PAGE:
Who is the greatest test batsman of all time? In a follow up to a recent paper I created a media furore by suggesting that India’s Sachin Tendulkar had eclipsed Australian great Sir Donald Bradman in terms of career performance.
The spirited reaction to my research is perhaps not surprising. Never mind the fact he’s chasing an elusive hundredth hundred.
Batting averages: just not cricket
The most common way to assess a batsman’s career is to look at their average, which is simply the ratio of runs scored to the number of times the player has been dismissed.
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Sachin Tendulkar, on the other hand, has a relatively low (albeit still exceptional) average of 56.02.
But the batting average has problems. Cricket fans will often point to factors such as the quality of opposition, as well variations in playing conditions and equipment over time as reasons not to completely trust a player’s average as a measure of performance.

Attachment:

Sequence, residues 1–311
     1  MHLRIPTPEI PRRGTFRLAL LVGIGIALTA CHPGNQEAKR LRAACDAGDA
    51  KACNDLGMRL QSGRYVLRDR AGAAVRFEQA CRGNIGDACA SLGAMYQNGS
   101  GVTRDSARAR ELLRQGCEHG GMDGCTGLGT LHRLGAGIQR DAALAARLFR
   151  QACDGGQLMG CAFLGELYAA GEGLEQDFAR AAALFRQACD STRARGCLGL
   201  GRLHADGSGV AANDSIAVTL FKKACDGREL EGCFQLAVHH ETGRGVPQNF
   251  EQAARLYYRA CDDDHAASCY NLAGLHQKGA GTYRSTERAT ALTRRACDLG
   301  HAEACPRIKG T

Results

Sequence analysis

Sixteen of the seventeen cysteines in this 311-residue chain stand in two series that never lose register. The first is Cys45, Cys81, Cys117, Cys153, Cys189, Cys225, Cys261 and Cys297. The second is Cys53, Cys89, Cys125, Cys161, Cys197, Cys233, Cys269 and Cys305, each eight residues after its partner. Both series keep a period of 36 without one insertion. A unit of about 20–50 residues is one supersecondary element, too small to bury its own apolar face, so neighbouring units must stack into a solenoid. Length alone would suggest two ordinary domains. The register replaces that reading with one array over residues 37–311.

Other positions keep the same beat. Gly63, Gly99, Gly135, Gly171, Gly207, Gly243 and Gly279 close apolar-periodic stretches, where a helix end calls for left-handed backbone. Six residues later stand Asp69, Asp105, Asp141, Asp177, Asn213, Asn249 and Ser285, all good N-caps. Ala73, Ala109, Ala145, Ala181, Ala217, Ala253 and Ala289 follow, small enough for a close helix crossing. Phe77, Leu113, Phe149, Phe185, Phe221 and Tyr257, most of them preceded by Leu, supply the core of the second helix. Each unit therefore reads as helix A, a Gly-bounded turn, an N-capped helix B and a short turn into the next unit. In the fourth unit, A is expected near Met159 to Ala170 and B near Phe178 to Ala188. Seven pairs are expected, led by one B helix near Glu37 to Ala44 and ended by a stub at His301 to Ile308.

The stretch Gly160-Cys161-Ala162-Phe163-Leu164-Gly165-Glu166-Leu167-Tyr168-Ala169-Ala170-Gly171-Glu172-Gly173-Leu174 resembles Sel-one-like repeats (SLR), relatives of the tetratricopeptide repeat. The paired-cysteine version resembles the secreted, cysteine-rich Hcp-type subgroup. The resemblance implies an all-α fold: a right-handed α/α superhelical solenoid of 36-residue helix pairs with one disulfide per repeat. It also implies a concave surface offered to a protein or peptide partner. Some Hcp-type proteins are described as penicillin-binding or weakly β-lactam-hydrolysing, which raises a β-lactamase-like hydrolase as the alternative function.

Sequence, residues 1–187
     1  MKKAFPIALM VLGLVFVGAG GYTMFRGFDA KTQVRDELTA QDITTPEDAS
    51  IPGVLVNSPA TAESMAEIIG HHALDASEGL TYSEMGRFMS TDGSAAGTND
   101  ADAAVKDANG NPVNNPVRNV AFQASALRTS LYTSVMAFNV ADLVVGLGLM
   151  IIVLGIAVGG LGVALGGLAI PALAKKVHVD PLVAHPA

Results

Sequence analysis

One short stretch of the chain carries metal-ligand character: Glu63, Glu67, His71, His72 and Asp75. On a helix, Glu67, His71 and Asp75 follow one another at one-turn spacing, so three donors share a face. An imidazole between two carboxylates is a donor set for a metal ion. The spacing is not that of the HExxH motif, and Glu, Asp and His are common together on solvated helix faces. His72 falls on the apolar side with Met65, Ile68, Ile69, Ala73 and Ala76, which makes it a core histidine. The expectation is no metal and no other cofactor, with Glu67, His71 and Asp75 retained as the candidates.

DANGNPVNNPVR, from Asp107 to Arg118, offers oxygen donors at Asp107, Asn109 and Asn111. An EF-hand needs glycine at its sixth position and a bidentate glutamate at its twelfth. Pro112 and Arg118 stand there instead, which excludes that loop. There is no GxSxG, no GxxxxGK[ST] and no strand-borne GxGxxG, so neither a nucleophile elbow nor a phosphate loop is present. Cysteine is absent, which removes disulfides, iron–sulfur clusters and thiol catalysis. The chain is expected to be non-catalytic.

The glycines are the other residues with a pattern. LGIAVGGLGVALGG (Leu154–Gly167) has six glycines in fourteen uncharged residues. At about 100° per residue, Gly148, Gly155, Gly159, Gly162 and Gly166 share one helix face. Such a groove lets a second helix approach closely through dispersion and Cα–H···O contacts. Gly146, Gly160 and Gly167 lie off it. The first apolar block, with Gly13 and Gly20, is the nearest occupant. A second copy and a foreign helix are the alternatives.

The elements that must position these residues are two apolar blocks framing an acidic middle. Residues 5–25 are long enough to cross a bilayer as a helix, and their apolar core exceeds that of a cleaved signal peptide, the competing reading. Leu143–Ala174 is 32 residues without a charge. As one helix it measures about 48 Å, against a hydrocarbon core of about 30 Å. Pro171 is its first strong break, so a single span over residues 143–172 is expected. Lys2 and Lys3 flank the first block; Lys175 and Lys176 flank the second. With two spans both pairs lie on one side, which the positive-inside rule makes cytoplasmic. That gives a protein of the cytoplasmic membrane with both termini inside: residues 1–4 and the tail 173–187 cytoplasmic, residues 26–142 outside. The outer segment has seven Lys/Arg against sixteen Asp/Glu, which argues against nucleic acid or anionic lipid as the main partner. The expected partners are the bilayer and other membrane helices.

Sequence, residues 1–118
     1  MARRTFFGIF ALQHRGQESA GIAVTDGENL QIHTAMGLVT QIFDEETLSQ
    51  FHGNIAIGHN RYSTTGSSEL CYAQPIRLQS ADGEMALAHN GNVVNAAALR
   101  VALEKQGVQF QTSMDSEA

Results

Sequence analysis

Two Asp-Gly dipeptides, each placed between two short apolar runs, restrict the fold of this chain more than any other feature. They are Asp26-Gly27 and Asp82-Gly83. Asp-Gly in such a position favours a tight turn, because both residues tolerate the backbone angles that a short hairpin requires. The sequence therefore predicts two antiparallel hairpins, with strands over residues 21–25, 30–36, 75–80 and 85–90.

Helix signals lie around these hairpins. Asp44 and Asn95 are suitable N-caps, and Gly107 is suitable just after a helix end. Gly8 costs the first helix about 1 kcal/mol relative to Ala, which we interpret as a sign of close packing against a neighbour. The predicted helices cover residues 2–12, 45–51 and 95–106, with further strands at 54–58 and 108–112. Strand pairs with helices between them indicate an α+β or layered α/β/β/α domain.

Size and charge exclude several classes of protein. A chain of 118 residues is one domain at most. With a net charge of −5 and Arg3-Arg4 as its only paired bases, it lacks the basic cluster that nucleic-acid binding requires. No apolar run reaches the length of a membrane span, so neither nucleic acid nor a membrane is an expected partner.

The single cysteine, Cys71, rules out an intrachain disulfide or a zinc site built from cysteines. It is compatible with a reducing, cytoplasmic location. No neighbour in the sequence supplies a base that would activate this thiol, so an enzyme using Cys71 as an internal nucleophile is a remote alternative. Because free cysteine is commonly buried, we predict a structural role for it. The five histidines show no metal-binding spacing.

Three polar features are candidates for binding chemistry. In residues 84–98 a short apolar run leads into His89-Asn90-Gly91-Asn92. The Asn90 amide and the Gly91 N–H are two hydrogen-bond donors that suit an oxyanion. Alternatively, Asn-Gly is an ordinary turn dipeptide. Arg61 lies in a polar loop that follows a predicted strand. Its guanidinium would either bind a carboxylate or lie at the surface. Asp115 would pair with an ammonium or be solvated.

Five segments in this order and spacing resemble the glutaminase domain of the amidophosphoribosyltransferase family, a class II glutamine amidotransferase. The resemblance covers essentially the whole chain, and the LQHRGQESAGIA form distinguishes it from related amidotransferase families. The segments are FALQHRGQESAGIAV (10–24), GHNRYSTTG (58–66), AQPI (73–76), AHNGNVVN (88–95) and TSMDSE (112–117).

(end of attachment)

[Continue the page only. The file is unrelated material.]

While Bradman’s average is exceptional, it is actually not the highest in test cricket.
Such a system ensures that all players have had ample time to demonstrate their quality at test level.
Better than average
A batsman is only of use to his team if he averages more than his replacement player could have; a value known as the player’s “opportunity cost”. For test cricketers this value is approximately 40, although it changes from season to season.
Both players are miles ahead of the rest of the pack.
Mastering the stats
Perhaps the best way to think about the result is this: innings for innings, Bradman is vastly superior to Tendulkar, just as Ganteaume is slightly ahead of Bradman.
But if the Australian selectors could unearth another Bradman (restricted to playing just 52 tests) or another Tendulkar, they would be wise to opt for a local version of India’s Little Master. Just.